From 1994 to 1995, researchers at the University of Illinois at Chicago studied the effect on smoking by youth if all cigarette packages were a standard color with black printing giving only the brand name, contents, and a health warning.
Using focus groups and classroom surveys of adolescents in Ontario and Chicago, the researchers found that youth transfer the imagery of the package to the user of the product. The imagery of the plain package is decidedly negative.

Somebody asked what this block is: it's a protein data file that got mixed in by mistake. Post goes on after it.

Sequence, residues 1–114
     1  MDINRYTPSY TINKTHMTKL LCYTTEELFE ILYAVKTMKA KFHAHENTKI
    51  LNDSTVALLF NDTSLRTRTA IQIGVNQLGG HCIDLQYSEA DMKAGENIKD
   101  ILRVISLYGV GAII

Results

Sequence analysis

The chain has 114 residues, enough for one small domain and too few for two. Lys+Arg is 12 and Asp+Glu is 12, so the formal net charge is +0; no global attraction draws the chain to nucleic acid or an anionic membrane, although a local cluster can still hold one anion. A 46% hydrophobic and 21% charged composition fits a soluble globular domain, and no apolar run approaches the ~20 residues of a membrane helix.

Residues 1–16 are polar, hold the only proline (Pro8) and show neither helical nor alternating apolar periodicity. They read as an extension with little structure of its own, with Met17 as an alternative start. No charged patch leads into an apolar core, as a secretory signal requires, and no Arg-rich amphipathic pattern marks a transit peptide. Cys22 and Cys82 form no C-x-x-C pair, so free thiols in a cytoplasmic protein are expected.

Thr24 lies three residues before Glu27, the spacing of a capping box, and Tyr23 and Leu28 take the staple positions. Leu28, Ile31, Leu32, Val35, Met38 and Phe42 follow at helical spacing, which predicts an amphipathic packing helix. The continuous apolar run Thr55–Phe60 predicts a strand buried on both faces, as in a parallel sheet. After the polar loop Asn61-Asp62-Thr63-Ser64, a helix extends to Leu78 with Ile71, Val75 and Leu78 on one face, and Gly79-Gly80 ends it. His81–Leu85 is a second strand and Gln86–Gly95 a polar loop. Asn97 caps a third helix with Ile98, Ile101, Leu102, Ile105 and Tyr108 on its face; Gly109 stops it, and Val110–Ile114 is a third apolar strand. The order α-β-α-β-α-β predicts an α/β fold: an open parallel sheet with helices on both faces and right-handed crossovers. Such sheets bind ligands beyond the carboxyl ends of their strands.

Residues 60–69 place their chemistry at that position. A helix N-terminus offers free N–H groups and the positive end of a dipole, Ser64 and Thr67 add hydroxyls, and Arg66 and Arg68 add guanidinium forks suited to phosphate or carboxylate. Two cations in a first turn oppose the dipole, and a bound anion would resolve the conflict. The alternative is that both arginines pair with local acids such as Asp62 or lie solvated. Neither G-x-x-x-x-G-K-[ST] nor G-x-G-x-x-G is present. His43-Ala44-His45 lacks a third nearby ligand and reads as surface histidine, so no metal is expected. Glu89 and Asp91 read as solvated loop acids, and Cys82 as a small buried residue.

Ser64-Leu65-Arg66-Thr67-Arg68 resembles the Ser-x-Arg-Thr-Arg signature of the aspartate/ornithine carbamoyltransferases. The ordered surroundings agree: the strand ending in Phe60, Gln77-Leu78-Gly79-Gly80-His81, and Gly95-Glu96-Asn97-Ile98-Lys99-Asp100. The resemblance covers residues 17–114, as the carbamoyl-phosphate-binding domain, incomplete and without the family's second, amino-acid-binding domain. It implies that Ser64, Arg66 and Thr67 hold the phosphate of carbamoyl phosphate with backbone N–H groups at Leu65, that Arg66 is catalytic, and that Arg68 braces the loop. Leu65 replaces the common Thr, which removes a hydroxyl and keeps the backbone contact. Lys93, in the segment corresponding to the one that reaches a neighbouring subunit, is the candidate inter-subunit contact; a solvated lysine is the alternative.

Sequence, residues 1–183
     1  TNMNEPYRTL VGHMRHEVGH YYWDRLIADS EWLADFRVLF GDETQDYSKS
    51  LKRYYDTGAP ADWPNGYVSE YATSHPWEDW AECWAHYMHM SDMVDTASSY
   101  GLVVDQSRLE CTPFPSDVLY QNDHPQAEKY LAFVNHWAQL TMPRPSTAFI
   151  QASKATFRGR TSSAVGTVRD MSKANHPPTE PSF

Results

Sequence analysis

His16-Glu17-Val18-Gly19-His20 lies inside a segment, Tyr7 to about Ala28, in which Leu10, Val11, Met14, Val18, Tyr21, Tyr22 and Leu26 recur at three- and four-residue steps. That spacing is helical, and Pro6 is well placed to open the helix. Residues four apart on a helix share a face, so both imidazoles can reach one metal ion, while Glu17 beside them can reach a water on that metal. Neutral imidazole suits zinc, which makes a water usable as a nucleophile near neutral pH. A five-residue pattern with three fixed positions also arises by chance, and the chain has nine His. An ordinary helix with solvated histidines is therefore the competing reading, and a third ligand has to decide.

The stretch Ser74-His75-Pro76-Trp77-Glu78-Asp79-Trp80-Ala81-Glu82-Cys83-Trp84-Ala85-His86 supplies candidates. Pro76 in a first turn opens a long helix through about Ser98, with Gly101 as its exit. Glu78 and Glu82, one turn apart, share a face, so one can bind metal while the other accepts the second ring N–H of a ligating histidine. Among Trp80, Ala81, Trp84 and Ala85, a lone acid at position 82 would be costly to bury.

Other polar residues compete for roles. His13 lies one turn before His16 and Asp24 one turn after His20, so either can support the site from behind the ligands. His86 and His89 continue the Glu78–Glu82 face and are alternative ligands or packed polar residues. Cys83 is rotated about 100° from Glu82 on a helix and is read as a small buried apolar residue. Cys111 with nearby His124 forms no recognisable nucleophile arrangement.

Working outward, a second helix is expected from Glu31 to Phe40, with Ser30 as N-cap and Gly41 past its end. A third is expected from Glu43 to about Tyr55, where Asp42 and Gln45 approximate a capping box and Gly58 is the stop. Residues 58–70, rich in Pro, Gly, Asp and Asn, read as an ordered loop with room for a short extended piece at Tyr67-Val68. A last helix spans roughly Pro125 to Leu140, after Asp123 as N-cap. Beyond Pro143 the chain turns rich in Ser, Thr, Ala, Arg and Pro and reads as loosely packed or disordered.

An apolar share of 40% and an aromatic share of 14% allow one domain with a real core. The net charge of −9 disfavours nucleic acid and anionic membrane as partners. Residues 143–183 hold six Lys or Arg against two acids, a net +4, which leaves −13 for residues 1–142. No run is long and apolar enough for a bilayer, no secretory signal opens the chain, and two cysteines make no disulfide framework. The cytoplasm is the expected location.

The data strongly suggested that youth believe that plain packaging would make it less likely that young people would start smoking.
The study also confirmed that young people interpret tobacco company sponsorship of sports and cultural events as tobacco advertising.
Researchers concluded that plain packaging would be an important strategy for breaking the link between the package and tobacco companies' sponsorship activities.